RDC-Kinshasa. 05-03-14. First Job Fair of MONUSCO organised by MONUSCO Administration. Photo Myriam Asmani / MONUSCO
Looking for a new job while you’re still employed is actually ideal; in case you wish to see if the grass is indeed greener on the other side. You may find yourself contemplating on moving in another company or trying a new career for various reasons. Aside from the possibly higher pay, other reasons could be career satisfaction and trying out new things. The reason why the ideal time to start looking for another job or company is while you’re currently employed is because of the financial and employment security. Your current job can support your daily needs and you still have work even if it takes time to find the new job that you like. Here are some of the things that you must keep in mind when you find yourself in this situation.
Maintain Quality Performance at Work
Since your mind is set on moving to another company, you may not have the same motivation to do well in your current work as you did before. Push yourself to still give your best performance. First, in case the new employer calls your old company, they would have nothing but good things to say about you. Second, in case you realize that your current job is much better than your other options, you wouldn’t have problems staying because of your consistent performance.
Don’t Let Anyone in the Company Know
Keep it a secret so that your days would be as comfortable as possible. You might feel awkward going to work knowing that everyone is talking about you looking for another job. If it reaches the higher management, it may also be difficult for you to get a raise or promotion since you are planning to leave anyway.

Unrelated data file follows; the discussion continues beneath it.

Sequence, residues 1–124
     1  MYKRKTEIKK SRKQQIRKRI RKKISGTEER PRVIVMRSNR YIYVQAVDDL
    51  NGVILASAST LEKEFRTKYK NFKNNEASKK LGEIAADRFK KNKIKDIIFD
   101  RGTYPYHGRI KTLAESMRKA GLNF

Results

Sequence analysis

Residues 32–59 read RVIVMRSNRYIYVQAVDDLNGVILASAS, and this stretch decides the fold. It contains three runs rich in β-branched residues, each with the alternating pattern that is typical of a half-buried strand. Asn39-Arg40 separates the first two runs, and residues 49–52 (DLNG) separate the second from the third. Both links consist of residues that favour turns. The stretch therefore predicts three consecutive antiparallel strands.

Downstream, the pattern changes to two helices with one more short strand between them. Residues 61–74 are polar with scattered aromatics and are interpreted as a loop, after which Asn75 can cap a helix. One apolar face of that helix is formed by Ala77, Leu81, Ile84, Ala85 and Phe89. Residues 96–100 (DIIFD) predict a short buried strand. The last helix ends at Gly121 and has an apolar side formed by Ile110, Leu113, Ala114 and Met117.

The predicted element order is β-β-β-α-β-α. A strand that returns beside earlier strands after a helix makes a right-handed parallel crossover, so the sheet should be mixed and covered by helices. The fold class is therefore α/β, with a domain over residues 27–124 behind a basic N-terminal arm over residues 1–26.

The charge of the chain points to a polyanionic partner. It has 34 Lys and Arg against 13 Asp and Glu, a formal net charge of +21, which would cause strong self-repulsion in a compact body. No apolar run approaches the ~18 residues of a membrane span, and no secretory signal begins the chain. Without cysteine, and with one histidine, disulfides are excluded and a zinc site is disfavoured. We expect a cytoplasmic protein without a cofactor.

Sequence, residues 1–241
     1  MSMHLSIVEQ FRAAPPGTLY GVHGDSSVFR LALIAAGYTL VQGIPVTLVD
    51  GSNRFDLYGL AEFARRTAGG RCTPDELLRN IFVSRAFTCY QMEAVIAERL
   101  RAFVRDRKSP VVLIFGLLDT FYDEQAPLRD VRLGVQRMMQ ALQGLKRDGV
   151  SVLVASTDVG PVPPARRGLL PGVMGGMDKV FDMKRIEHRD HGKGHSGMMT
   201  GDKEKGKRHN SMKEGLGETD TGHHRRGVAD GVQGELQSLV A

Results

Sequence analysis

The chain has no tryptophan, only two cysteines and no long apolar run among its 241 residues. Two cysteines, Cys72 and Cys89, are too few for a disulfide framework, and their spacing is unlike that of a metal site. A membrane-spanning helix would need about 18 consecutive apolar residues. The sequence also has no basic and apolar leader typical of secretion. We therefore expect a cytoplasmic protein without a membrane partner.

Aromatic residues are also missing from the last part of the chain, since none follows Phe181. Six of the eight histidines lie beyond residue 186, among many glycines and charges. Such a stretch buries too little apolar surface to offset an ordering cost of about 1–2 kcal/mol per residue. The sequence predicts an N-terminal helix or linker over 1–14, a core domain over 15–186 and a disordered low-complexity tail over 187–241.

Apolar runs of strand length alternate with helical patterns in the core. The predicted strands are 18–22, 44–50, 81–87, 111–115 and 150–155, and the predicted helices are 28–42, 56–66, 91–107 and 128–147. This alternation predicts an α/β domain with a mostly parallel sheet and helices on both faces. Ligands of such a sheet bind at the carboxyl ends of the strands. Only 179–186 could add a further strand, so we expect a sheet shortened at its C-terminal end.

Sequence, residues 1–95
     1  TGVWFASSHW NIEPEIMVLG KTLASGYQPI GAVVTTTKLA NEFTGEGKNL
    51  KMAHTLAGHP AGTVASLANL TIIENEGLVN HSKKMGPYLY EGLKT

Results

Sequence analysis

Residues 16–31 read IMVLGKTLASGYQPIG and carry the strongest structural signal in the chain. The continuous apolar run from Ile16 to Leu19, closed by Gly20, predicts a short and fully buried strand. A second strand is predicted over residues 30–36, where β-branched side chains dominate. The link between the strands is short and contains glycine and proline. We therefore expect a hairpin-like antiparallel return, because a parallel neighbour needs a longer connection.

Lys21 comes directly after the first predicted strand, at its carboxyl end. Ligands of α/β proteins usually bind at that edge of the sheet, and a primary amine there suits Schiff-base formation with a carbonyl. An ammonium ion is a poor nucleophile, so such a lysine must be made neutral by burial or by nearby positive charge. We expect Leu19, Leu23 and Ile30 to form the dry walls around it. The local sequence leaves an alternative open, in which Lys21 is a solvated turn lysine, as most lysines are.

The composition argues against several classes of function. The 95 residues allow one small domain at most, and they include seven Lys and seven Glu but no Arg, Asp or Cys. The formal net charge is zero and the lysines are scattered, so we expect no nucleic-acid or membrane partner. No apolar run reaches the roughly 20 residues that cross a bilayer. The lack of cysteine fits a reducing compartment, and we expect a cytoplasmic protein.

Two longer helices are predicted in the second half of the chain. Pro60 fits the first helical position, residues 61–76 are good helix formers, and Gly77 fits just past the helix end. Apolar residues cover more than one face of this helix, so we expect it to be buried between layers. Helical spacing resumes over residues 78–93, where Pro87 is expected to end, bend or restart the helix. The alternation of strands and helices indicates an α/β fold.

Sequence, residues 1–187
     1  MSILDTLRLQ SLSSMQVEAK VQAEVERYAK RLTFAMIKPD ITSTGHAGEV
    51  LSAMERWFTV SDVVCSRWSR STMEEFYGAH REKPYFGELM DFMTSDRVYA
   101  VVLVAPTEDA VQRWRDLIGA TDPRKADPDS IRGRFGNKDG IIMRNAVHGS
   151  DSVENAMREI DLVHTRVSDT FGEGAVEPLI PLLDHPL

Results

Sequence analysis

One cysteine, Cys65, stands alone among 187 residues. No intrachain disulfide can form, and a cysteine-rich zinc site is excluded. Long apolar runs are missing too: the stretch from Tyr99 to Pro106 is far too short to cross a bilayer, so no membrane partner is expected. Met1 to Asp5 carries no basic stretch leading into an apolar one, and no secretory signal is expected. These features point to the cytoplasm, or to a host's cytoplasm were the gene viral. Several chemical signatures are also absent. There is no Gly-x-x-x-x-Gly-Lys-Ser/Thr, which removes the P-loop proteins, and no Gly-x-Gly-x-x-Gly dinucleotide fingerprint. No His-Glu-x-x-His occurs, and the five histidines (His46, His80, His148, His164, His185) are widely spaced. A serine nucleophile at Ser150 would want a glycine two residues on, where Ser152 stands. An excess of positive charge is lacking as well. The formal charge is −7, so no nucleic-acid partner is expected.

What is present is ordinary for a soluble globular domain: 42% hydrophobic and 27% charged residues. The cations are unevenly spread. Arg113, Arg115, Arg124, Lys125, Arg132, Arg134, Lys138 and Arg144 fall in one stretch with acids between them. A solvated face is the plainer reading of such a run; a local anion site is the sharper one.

Let Friends and Family Outside Work Know
While you want to keep everything a secret with the people at work, it should be the opposite with your trusted friends and relatives outside the company. They may know of a position that fits you. Ask them to look out for job openings that you could consider and update you so you can see more options. This would make finding a new job a lot easier and faster than having to search all by yourself.
Search on Your Own Time and with Your Own Resources
It might be tempting to search for a new job while on duty, especially if you have all the resources in front of you. However, it’s not professional to use the company’s phone, computer and other resources for your plans to move to a new company. This could also distract you from work because instead of doing your daily tasks, you spend time on something that doesn’t benefit the business. Moreover, there’s a possibility that you would be caught and it would not be a good thing for your record. Do this when outside work or at least during your break.
Avoid Absences to Get to Interviews
Your attendance is equally important as your performance. You should also see to it that it’s not negatively affected by your job search, especially when you get to the interview part. As much as possible, schedule your interview on a date and time that would not affect your regular schedule at your current job. You may also have it scheduled on your break or take a leave so you can attend to the interview without sacrificing your time in your current work. This would also give a good impression to potential employers as it would show how responsible you are even when you’re already in the process of looking for a new job.
You may be asked by the interviewer if your current company knows about your job search. There’s no need to lie about it. Honesty is always the best policy. You can always ask them to keep it confidential at the moment. If they need references, you can always give the companies you worked for prior to your current one.
Featured and 1st image by MONUSCO Photos (MONUSCO Job Fair) [CC BY-SA 2.0 (http://creativecommons.org/licenses/by-sa/2.0)], via Wikimedia Commons
2nd image by Ferencz Thuroczy (Own work) [CC BY-SA 3.0 (http://creativecommons.org/licenses/by-sa/3.0)], via Wikimedia Commons
3rd image by bpsusf (http://www.flickr.com/photos/usfbps/4607149870/) [CC BY 2.0 (http://creativecommons.org/licenses/by/2.0) or CC BY 2.0 (http://creativecommons.org/licenses/by/2.0)], via Wikimedia Commons